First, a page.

Opinion #e-commerce
Read time: 03'21''
31 January 2024
How Temu is taking on the giants of e-commerce

How Temu is taking on the giants of e-commerce

If you have shopped online over the last year or so, chances are you have come across Temu. The e-commerce app that is part of the Chinese conglomerate, Pinduoduo, and has been quite aggressively marketed – even advertising during the Super Bowl – and consequently in the United States alone it had more downloads than companies like Amazon and Walmart during the second quarter of 2022.

If you are one of the many who have downloaded the app, you will know almost anything can be purchased on it. You can find clothes, shoes, electronics and much more, and interestingly you will immediately notice the preponderance of low priced products. It is often what attracts many people to their platform, where they are seduced by the enormous range of very low priced items.

Like the very popular Chinese fashion platform Shein, Temu ships products directly from the factory to the customer. This saves a lot of costs on department stores and logistics, allowing them to price their products much lower than traditional retailers.

Using Artificial Intelligence to drive success

One thing you may, or may not, notice as you use the Temu app, is that its algorithms profile you very quickly. It remembers which products you look at longer than others, what you click on and for which items you seek additional information. In less than half an hour, the system gets to know you and begins to show you more and more products that fit your search profile. It is easy to see how this flow of products tailored to each individual’s sphere of interest, at very low prices, is appealing – even addictive – for many people.

In this sense, the algorithms that Temu is built upon are very similar to the ones used by Shein and TikTok. At Shein (which is now bigger than H&M and Zara in terms of turnover), you are constantly shown new clothes that the artificial intelligence knows you like. The clothes are virtually designed to suit your taste. Shein also has no problem producing clothes in small quantities, so you get a very strong form of personalisation. Their production works completely in reverse to that of a classic fashion house. In the classic process, a designer designs the clothes, then the clothes go to the shop where the consumer buys them. At Shein, it looks at what people click on and throw in their shopping basket, and it is only then that the clothing is produced. This means that the data and the consumer essentially decide on what is produced.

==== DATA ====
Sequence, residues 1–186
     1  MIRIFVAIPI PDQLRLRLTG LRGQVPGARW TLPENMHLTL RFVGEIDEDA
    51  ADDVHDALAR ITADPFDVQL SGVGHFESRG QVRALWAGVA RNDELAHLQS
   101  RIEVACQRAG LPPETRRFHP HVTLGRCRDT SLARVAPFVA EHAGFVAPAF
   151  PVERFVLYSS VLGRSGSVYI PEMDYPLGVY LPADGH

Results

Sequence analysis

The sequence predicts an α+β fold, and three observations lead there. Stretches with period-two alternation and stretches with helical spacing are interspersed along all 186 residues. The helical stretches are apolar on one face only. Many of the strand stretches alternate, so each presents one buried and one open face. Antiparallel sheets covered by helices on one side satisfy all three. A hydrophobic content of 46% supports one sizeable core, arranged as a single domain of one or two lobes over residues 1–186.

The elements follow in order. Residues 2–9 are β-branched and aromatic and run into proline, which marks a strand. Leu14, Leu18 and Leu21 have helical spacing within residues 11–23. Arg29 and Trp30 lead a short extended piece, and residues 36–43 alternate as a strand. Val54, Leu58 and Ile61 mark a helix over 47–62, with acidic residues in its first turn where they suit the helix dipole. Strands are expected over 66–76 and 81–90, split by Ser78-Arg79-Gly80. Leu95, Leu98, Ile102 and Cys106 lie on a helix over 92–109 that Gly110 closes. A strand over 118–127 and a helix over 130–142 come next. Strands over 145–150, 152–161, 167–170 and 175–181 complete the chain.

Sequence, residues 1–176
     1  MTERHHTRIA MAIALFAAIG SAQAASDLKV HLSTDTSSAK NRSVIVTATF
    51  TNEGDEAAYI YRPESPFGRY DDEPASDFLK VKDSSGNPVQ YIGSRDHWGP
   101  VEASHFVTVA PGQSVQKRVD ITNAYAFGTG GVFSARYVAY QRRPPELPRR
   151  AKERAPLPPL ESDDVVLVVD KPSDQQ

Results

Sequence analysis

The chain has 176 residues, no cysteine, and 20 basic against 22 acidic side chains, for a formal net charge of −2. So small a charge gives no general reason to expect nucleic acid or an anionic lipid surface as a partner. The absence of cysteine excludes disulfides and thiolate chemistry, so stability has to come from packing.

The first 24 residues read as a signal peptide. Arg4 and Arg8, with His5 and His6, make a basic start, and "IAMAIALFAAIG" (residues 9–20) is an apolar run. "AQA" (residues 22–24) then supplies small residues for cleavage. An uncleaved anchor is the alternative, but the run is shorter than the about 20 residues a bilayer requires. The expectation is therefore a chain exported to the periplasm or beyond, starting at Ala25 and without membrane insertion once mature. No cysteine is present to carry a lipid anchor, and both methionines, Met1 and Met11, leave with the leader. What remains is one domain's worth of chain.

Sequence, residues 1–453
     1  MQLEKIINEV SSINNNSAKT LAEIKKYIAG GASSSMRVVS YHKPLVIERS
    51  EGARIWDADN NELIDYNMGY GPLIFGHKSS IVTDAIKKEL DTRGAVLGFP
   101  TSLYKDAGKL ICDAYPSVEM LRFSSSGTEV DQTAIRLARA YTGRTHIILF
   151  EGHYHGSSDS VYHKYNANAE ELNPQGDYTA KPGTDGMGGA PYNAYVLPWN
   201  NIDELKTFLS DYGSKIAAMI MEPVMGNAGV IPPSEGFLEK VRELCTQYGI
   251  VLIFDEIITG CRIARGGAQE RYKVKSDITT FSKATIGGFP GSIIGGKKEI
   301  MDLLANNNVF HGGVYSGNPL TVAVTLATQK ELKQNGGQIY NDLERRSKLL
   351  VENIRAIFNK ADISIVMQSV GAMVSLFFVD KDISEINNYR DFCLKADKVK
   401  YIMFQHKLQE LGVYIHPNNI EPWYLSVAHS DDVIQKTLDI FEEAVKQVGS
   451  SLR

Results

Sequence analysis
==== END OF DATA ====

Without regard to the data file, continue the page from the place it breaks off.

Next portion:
A characteristic driving the success of these three companies is the level of efficiency of their algorithms. In a very short time, each system comes to know you very well, and begins to constantly feed you content that is within your interests. The result is of course that many people also become addicted to these platforms, and inevitably these companies will come under heavy criticism for their methods.

What can other companies learn?

Is luring young people to become addicted to a social network ideal for their futures? Are fashion producers like Shein and Temu pushing the consumer society in a direction we should be trying to avoid if we want to keep the climate somewhat under control?

Whatever you think of the ethics behind these companies, I think it is to explore what we can learn from this technology, as well as considering its social impact.

TikTok’s main factor for success is undoubtedly its interface: it is fast, easy, entertaining and informative. In my opinion, these are the characteristics of the interface of the future, yet most of the existing technology we use day-to-day lacks these characteristics.

Consider Google’s search engine, for example. When you enter a question, you get millions of links and need to search within these for the response that best suits your interests. Of course, over the years Google has found ways to consolidate and prioritise search results, but even now the output remains a long list of links. The same happens if you search for a house to buy or a hotel to book; the output is an endless list of options.

If you were to compare the user interfaces of Google and TikTok today, I think it just reveals the latter’s superiority. Technology today makes it possible to create fast, easy to use, entertaining and educational interfaces. In response to the trend that is driving Temu’s success, Amazon is now also experimenting with a more TikTok-style interface as a way to introduce products to its customers. Similarly, Spotify is working with an AI DJ that selects music for users and bridges the selections if desired.

So whether your business is a retailer, a travel company, an online service provider or in fact in almost any other sector, perhaps it is time to at consider the possibilities of making your interface a little bit more ‘TikTok’?

Steven van Belleghem is a world-leading expert in customer experience and the author of A Diamond in the Rough.

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